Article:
Glitter, Gore, and Lollipop Chainsaw (2012)

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Sorry for the missed Friday post, readers! Hopefully this will make up for it.

I put Lollipop Chainsaw in my GameFly queue because it… okay, I’m going to admit, I somehow was completely oblivious to what it was about other than there was a blonde cheerleader on the cover holding a chainsaw. I didn’t really need to know anything else. So when it finally showed up, I just let it sit there because I was distracted with Borderlands 2 and then school started and blah blah blah. I was going to send it back this early this week until I realized “wait, this could be a good PvP post!”

Fast forward to the next morning. Me and Revan sit down with breakfast before he has to leave for class or work or something to see what this whole thing is about. I completely forget the details, because I was too busy shrieking with glee while twirling around with a chainsaw to decapitate zombies.

So, for those who has only seen as much as I had previously due to the bizarre box art, I’m going to tell you about Lollipop Chainsaw and why it ended up being everything I ever wanted in a female protagonist.

Lollipop Chainsaw - Juliet's Info

Juliet Starling is a cheerleader. She is bubbly, has amazing boobs, wears her blonde hair in pigtails, and she just so happens to come from a family of kickass zombie hunters. She is Buffy on Glitter Steroids, and it is amazing. The game opens with it being Juliet’s eighteenth birthday, and she is going to go meet up with her boyfriend, Nick, so that she can introduce him to her family after school. Except zombies suddenly show up! And Nick gets bitten! Oh no!

Lollipop Chainsaw - Nick's info

Tearfully, they confess their love for each other. This is the end for Nick, the infection is spreading. Soon he’ll join their classmates as one of the undead. But before he passes, Juliet is struck with an idea.

An idea where she decapitates him and performs a ritual to keep him alive as a talking head that she keeps hanging from her belt loop for the rest of the game, and it only gets better from there.

Sorry, Nick.

Sorry, Nick.

Juliet and Relationships (Spoilers!)

Lollipop Chainsaw is a game made for the male gaze and flips it on its head. Sure, there’s an achievement for looking up Juliet’s skirt, and her stereotypical Japanese Pervert Sensei Murakawa makes a lot of comments about her underwear, but they’re done in such an over-the-top manner I can kind of forgive them. They’re making a point about how ridiculous oversexualization in video games can become, because even when Juliet is doing cheerleader spread eagle jumps from building to building and pole dances with her chainsaw, she is still mowing down more zombies than any of the Left 4 Dead characters can ever hope to.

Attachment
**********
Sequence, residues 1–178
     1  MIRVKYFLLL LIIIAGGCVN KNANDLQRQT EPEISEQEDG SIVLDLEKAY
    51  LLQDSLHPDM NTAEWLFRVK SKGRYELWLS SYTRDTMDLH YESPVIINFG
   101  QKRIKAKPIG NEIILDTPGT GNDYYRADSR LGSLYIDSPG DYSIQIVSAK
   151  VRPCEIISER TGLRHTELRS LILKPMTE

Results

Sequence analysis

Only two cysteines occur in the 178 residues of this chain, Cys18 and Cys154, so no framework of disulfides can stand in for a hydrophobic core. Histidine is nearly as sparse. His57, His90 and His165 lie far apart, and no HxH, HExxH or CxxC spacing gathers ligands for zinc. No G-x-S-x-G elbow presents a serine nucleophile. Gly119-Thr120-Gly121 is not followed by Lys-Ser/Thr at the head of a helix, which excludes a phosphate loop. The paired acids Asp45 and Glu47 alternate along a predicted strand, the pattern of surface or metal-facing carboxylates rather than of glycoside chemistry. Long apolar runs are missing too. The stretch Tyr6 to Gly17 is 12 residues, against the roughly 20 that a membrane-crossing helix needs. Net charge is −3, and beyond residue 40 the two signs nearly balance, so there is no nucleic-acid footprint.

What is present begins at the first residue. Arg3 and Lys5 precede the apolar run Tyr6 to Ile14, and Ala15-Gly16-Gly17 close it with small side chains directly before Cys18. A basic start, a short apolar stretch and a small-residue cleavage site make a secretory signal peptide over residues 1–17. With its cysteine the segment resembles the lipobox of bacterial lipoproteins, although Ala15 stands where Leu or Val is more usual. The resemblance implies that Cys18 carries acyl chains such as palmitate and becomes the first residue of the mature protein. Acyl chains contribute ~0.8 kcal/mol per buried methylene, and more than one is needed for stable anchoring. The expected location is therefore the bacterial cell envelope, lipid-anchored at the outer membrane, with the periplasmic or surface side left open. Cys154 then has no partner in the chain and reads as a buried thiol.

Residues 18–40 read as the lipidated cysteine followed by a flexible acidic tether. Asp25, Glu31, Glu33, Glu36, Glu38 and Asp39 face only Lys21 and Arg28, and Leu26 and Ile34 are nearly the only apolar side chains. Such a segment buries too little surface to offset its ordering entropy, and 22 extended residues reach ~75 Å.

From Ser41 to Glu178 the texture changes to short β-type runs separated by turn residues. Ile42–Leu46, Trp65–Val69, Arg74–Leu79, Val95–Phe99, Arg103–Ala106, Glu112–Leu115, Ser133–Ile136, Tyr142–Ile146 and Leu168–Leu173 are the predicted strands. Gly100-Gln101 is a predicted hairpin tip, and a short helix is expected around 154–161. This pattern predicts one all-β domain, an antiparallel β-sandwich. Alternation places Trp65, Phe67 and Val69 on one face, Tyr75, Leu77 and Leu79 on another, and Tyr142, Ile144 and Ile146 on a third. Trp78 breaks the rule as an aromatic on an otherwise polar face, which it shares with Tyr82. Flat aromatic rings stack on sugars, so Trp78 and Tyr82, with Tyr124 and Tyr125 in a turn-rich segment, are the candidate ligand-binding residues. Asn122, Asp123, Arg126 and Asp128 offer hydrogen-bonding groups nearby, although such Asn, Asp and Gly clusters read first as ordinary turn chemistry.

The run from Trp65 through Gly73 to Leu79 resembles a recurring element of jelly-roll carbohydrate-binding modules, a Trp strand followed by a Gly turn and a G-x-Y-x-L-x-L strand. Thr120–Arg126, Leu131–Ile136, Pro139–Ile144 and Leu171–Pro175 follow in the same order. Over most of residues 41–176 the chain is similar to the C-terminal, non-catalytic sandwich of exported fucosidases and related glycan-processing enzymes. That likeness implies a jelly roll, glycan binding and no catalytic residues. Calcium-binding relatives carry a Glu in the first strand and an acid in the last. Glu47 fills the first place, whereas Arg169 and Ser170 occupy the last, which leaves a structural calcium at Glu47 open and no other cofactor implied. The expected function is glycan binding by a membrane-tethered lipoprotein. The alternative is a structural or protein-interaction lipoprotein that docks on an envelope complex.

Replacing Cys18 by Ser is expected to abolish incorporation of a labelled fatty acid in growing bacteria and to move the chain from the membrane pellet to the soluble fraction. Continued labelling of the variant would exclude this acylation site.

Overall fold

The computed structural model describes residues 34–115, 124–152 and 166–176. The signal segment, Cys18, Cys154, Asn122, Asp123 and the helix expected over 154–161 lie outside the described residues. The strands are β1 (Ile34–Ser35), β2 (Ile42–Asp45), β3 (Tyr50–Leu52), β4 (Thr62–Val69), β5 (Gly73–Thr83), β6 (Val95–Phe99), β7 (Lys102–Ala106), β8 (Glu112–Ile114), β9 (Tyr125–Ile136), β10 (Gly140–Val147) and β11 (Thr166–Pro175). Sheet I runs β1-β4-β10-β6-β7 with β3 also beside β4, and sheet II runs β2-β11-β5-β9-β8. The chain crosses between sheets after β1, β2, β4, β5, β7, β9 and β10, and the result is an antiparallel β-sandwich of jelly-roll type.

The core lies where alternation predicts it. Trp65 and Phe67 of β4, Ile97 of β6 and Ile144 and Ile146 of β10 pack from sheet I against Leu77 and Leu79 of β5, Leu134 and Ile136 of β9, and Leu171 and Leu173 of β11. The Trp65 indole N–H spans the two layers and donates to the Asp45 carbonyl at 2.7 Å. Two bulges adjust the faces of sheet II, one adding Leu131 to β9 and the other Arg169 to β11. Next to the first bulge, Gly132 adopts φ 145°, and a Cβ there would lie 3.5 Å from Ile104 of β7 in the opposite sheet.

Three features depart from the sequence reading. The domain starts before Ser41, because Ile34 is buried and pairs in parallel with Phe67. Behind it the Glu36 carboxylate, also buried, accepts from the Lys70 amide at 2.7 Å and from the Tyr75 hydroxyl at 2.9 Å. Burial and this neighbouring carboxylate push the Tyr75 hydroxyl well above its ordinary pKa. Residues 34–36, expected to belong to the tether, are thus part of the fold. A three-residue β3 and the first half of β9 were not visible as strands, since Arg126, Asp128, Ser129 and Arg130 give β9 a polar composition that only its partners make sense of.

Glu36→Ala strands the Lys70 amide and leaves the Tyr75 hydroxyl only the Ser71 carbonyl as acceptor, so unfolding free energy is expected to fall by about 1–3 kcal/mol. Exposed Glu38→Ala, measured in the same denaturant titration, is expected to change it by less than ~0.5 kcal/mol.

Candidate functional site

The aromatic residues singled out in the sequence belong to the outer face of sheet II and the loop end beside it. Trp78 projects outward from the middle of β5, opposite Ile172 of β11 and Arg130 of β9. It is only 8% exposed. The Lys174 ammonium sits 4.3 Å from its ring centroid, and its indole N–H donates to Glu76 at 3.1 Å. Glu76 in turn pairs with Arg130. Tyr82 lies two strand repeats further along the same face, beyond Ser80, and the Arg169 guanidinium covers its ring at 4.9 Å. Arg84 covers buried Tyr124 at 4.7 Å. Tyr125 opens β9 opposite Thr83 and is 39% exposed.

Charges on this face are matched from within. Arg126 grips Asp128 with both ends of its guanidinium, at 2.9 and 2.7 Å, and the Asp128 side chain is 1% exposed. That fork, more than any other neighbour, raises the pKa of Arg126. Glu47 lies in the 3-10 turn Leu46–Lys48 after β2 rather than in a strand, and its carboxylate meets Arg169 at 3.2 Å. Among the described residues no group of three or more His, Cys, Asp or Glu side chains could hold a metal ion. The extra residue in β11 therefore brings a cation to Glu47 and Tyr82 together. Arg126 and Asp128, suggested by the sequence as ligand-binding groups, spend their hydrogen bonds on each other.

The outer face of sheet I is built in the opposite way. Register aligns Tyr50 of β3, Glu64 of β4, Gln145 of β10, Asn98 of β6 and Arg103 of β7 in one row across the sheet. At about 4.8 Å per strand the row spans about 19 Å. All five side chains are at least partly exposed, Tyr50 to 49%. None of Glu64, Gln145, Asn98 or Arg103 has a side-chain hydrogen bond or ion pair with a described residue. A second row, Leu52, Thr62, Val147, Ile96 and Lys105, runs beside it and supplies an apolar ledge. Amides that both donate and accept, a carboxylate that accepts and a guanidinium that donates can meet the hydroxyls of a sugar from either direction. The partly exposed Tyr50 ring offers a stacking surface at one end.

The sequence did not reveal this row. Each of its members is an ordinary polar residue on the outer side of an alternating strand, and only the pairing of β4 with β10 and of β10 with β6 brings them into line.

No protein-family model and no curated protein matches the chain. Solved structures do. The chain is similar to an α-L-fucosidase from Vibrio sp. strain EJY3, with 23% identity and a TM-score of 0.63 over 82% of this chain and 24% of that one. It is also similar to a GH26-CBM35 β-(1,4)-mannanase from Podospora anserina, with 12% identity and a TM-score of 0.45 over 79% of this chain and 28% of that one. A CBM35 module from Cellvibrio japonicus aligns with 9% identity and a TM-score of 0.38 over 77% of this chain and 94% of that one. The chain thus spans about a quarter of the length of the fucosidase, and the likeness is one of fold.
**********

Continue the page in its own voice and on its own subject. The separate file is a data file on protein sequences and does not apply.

Like I said before in my Drakan: Order of the Flame review, I love my female protagonists to be able to kick ass and be girly at the same time. Juliet really embodies these two things. Her chainsaw is bedazzled with hearts and pink, there’s a Sparkle Hunter mode (if you decapitate more three or more zombies at a time you get extra zombie medals to spend at the in-game store), and she is more than ready to mouth off at anyone who calls her a whore or a slut.


Peace out.

Which a lot of the boss fight zombies seem to do. It’s kind of gross, especially since 4/5 do it. The only female boss, Mariska, doesn’t seem to care and is actually rather chill with Juliet throughout the entire battle.

Juliet also has two sisters, Cordelia and Rosalind, who she seems very close to, with the only animosity in the family coming from Rosalind as the baby sister who is jealous of her elders. This female camaraderie is always a sigh of relief for me, since it seems like such an easy source of drama for the only women in a video game, movie, or TV program to dislike each other for petty reasons for a cheap source of drama. Juliet’s relationship with her parents is also strong and loving, especially her dad.

Lollipop Chainsaw - Dad's info

DILF: Dad I’d Like to F… Friend on Facebook

My favorite line from the game actually comes from Gideon Starling. Throughout the game he has given Nick a lot of crap for dating his daughter, because despite the face she can hold her own with a chainsaw, she’s still his daughter and he is protective of her. Nick puts up with it fairly well, too, which Gideon rewards him with saying “[y]ou might not be the guy I’d pick for my daughter, but you’re obviously the guy she’d pick for herself. And she’s always been a helluvalot smarter than me.”